The correspondence theory in epistemology considers that what we believe or say is true if it corresponds to the way things actually are – to the facts.  This idea can be seen in various forms throughout the history of philosophy. Its modern history starts with the beginnings of analytic philosophy at the turn of the 20th century, particularly in the works of G. E. Moore and Bertrand Russell by their rejection of idealism.  Moore and Russell hold a version of the identity theory of truth.  According to the identity theory, a true proposition is identical to a fact.  But the primary bearers of truth are no longer propositions, but beliefs themselves.  A belief is true if and only if it corresponds to a fact.  The neo-classical correspondence theory seeks to capture the intuition that truth is a content-to-world relation.  

Many ideas about realism and anti-realism are closely related to ideas about truth.  The relation between truth and metaphysics seen by modern realists can also be exploited by anti-realists.  Many modern anti-realists see the theory of truth as the key to formulating and defending their views.  But ‘the probabilities of verification’ or ‘verificationism’ is also an element in theory of truth.  Truth is not, to this view, a fully objective matter, independent of our thoughts.  We have entered into a digital world or virtual world where truth and myth merge into an undistinguishable chemical compound.  Now the engines of truth are no more in the hands of the individual seekers.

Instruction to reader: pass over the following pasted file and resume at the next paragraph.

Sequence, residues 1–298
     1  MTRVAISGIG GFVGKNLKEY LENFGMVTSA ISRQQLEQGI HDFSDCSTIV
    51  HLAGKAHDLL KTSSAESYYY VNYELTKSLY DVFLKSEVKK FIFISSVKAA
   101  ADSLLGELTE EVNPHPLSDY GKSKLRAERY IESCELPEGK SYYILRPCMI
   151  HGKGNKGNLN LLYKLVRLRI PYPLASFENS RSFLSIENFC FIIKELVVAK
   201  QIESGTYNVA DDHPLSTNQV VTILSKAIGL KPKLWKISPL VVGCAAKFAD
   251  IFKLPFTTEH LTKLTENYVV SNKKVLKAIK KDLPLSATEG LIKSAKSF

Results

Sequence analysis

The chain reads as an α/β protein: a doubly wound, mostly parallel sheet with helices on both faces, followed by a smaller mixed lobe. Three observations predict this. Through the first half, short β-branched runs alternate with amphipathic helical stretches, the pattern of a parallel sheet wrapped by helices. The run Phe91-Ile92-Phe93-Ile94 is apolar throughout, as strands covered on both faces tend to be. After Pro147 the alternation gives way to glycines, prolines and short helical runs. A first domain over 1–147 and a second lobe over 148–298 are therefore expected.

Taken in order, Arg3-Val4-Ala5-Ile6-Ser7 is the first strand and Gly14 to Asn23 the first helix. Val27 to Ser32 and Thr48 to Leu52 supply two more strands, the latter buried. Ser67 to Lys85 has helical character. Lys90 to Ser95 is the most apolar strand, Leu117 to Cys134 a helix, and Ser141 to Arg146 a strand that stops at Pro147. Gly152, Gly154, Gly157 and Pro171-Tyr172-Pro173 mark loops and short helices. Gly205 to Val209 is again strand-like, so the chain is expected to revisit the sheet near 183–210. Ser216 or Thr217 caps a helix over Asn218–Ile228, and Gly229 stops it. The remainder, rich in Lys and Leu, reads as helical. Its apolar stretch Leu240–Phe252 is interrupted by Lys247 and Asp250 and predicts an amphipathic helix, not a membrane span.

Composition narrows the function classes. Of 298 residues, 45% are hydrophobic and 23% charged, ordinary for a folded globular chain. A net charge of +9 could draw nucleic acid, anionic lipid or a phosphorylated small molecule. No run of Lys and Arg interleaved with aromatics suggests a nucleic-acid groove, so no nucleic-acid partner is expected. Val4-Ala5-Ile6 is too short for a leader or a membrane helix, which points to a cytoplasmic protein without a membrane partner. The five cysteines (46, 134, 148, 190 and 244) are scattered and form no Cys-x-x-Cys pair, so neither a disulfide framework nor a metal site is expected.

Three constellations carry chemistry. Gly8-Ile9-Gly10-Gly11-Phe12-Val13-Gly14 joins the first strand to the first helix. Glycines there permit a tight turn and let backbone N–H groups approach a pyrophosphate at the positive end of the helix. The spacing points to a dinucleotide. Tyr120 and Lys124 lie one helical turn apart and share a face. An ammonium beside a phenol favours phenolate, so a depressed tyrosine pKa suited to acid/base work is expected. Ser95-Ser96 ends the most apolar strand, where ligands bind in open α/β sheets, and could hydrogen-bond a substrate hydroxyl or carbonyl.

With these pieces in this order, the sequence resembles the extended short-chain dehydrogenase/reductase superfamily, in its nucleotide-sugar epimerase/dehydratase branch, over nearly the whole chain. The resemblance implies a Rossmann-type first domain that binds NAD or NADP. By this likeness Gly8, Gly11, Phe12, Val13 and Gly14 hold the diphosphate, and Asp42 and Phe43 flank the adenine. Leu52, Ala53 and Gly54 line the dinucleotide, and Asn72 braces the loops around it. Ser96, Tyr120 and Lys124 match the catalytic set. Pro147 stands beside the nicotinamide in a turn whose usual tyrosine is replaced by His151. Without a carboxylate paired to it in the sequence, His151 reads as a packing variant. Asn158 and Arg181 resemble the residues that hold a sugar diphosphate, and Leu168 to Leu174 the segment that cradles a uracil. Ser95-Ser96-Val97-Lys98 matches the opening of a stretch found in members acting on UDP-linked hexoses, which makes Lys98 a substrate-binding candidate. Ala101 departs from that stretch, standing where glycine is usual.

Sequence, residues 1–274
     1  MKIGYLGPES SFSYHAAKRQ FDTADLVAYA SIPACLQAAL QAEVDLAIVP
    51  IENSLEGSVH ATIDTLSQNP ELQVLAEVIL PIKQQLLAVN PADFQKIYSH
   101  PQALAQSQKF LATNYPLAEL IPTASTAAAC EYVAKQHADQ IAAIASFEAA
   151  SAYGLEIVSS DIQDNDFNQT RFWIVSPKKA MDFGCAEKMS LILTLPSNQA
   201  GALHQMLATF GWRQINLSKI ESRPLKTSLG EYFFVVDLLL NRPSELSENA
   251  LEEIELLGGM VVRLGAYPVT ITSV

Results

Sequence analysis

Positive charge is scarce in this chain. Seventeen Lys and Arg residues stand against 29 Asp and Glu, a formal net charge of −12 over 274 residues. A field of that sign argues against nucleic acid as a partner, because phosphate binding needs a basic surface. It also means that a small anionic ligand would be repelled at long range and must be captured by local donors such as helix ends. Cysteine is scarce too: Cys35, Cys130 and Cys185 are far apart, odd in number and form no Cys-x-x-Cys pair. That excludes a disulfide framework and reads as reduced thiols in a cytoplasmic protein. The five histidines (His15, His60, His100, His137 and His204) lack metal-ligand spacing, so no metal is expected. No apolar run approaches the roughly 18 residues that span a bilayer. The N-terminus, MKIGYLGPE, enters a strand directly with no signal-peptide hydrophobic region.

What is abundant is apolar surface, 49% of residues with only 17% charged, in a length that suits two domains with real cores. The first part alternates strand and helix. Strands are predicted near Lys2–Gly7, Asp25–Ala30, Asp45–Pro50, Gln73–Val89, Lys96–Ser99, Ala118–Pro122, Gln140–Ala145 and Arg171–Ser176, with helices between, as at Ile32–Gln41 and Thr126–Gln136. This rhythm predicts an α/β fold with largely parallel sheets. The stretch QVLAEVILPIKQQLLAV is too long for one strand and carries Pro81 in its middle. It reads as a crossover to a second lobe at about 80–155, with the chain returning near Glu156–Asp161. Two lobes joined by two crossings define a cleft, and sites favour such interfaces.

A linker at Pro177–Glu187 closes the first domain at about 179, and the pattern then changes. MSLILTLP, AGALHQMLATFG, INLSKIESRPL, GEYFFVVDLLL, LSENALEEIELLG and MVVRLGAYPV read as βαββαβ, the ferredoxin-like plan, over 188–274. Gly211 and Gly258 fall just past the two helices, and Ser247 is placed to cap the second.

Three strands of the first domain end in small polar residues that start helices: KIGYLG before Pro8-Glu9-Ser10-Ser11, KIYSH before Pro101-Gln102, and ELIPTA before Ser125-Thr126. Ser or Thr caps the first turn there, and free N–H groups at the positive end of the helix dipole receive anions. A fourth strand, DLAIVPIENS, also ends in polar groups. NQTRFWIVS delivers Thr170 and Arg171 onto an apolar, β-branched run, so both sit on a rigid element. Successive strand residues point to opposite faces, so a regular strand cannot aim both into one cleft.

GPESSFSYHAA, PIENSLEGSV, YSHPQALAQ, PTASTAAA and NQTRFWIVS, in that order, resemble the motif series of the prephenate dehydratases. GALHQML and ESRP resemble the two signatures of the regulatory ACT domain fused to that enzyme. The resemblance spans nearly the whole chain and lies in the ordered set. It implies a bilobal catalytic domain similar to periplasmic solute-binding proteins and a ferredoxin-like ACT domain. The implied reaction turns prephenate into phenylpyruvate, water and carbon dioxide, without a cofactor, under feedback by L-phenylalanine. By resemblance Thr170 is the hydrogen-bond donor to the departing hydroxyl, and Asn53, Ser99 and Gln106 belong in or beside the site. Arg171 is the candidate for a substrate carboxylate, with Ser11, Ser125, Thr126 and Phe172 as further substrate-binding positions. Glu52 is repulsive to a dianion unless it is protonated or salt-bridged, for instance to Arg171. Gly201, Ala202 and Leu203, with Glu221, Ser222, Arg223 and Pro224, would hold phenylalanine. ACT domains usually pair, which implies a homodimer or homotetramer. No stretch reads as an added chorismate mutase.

Foer’s[13] World without Mind is essentially a book about the forces in the world that have spurred confusion, conformism, and, sad to say, stupidity.  Though the defeat of the higher ideal is hardly final, Foer examines how the truth is manufactured by the big-techs in a make believe world.  The author hopes to persuade us that another course is still possible. The Europeans have charmingly, and correctly, lumped them together as GAFA (Google, Apple, Face book, Amazon) – says Foer. For example, Facebook can predict user’s race, sexual orientation, relationship status, and drug use on the basis of their “likes” alone.  ‘The crowd’ gets what it wants and deserves.   We’re in the earliest days of this revolution, of course, says Foer.  The whole effort of all the neo-tech is to make human beings more predictable, to anticipate their behavior, which makes them easier to manipulate.  Even the father of Capitalism, Adam Smith, didn’t anticipate this manipulative market of this extent through information.  Knowledge never entered deeply into Smith’s thinking about trade.  But now “Knowledge factories” have become a reality. 

With the big tech entry we also entered a kind of ‘noisy world.’  It is a condition called ‘Total Noise.’  It’s is no more a stable and predictable knowledge; it is peripatetic, where a wealth of information creates a poverty of attention.[14]  The new way of offering us information is always in the order of shock and disbelief.  Everyone acquainted with ‘social media’ is aware of this new environment.  See for example a well-known method of social media news:  “9 out of 10 Americans Are Completely Wrong About This Mind-Blowing Fact.”  The moment you come across such news, you will invariably drawn to read it or hear it instantly.  Millions of readers couldn’t contain themselves and followed that link.  “You Won’t Believe What Happened Next.”[15]  On most occasion the content would be absolutely either irrelevant or full of vanity.  The news is not just news, it’s always ‘breaking’ or ‘trending.’  Indians have, of late, become ‘news maniacs,’ and the social media is more virulent and corrupting in India than anywhere else in the world.  Almost every linguistic region has more than two dozens of vernacular audio-visual media and hundreds of social media cites.  News ‘production’ has already reached the level of ‘industrial production’!